April 15, 2024/Neurosciences/Podcast

Balancing Benefits and Pitfalls of Neurotoxin Injections (Podcast)

Determining the right dose and injecting in the right muscle can be challenging

Indications for neurotoxin injections continue to expand, with clinicians using them to treat everything from migraine to hyperactive bladder. However, there are pitfalls associated with neurotoxin delivery.

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“Botulinum toxin injection is a very individualized treatment,” says Hubert Fernandez, MD, Director of Cleveland Clinic’s Center for Neurological Restoration. “It only works if it’s at the right dose and in the right muscle and for the right indication. This is a treatment where the art truly blends with the science, and therefore patients should really find the most comfortable and clinically trained injector.”

In the latest episode of Cleveland Clinic’s Neuro Pathways podcast, Dr. Fernandez and Francois Bethoux, MD, Chair of the Department of Physical Medicine and Rehabilitation, share their experiences treating patients with neurologic disorders using botulinum toxin injections. They discuss:

  • Various FDA-approved neurotoxins and their mechanisms of action
  • Neurologic disorders commonly treated with botulinum toxin injections
  • Who makes a good candidate for neurotoxin injections, and how to select the right formulation
  • Potential risks, such as weakness and other unwanted side effects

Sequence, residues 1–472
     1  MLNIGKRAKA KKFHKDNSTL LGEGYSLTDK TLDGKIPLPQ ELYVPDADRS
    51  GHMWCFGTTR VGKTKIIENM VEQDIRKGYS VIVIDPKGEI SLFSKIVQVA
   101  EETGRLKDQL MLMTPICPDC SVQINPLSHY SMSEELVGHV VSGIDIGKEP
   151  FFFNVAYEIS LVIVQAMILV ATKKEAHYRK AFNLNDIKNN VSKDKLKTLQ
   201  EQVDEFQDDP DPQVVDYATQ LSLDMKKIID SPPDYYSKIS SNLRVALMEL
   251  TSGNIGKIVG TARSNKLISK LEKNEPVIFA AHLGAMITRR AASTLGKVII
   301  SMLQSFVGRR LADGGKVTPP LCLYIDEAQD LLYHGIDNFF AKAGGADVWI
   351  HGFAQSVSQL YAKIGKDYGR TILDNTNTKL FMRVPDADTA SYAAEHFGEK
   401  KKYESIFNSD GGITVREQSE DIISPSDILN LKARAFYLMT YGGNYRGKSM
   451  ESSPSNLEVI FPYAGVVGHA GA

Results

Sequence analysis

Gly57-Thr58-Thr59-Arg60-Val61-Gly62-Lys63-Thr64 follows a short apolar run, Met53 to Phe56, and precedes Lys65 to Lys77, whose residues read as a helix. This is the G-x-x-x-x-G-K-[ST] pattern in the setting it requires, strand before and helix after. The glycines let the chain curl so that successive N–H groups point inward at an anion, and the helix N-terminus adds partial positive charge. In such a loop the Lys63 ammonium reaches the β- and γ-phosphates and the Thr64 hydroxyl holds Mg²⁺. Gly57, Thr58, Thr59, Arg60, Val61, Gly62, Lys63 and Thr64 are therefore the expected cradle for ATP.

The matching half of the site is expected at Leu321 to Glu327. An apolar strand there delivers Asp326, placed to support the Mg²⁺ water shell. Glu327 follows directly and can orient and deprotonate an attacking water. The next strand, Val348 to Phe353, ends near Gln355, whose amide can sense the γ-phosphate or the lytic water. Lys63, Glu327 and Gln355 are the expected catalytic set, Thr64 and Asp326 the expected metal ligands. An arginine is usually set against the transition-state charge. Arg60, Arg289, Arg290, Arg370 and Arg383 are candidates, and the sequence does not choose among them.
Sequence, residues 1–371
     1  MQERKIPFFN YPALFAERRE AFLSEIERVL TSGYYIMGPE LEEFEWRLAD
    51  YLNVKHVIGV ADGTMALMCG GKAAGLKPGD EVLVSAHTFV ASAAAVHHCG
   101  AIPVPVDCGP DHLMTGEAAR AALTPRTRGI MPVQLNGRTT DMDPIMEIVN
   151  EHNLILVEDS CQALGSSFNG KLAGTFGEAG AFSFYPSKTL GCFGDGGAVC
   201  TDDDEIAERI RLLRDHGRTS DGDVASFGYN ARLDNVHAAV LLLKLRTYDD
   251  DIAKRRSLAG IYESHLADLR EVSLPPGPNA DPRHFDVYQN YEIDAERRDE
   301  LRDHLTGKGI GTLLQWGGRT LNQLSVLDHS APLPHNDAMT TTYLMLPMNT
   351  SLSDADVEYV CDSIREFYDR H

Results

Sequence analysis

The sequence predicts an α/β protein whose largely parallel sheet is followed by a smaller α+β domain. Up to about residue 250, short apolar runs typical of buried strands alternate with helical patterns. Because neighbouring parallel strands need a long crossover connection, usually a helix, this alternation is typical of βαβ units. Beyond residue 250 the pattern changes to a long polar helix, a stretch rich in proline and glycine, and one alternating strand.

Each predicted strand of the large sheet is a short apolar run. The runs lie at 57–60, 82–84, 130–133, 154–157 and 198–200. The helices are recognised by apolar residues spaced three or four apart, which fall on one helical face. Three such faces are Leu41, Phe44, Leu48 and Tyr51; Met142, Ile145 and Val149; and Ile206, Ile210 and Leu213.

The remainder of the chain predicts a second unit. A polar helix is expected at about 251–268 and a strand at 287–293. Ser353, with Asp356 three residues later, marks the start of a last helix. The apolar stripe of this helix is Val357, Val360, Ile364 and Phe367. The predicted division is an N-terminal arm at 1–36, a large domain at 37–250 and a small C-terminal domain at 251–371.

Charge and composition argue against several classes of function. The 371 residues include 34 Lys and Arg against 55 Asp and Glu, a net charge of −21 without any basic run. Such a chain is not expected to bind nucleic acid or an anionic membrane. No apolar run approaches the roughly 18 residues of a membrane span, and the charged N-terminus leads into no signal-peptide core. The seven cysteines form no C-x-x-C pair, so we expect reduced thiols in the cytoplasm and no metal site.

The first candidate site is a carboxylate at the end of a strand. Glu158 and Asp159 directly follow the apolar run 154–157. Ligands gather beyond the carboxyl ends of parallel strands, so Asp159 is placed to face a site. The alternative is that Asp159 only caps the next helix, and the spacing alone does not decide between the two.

• What’s on the horizon, including longer-acting toxins and combinations with other treatments

Click the podcast player above to listen to the episode now, or read on for a short edited excerpt. Check out more Neuro Pathways episodes at clevelandclinic.org/neuropodcast or wherever you get your podcasts.

This activity has been approved for AMA PRA Category 1 Credit™ and ANCC contact hours. After listening to the podcast, you can claim your credit here.

Excerpt from the podcast

Podcast host Glen Stevens, DO, PhD: Do you use EMG for placement of your botulinum toxin?

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Dr. Bethoux: Yes, it's recommended by the FDA and now it's widely accepted in the field that the injections are safer and more accurate if we use some form of guidance. So it can be EMG or it can be electrical stimulation where we stimulate the muscle to see it contract before we inject it. Another mode of guidance that has gained a lot of traction is ultrasound. So we literally visualize the muscle and we can visualize the botulinum toxin going into the muscle, which really guarantees 100% accuracy in the injection.

Dr. Hubert Fernandez: Yes, in our field I would say some still do anatomical localization, meaning no external guidance other than the anatomical landmarks of the body. I think that might be okay for some indications. But it is the clinician’s preference. At our center we do, at the very least, EMG-guided botulinum toxin. So the muscle involved emits a certain sound, and when we hear that sound, then we are assured that this is the right muscle and we inject. But even better than hearing, at least in my opinion, is seeing the muscle itself and seeing the needle and seeing the botulinum toxin spread within that muscle. And so for my own practice, I have mainly transitioned to ultrasound-guided botulinum toxin injections, but this is not for everyone. There is some technical expertise and a little bit of lag time that is required for ultrasound-guided botulinum toxin injections. So it takes some practice before one becomes efficient with it.

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